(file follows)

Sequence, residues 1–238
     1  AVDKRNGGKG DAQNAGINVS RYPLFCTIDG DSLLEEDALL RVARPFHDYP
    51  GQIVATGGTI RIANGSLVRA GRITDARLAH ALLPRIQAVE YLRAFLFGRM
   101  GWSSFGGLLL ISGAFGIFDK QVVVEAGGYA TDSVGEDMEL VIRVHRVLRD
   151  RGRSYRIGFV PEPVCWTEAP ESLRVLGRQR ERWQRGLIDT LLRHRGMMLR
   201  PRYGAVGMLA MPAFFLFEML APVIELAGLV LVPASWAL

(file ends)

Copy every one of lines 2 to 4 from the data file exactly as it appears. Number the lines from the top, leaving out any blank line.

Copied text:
     1  AVDKRNGGKG DAQNAGINVS RYPLFCTIDG DSLLEEDALL RVARPFHDYP
    51  GQIVATGGTI RIANGSLVRA GRITDARLAH ALLPRIQAVE YLRAFLFGRM
   101  GWSSFGGLLL ISGAFGIFDK QVVVEAGGYA TDSVGEDMEL VIRVHRVLRD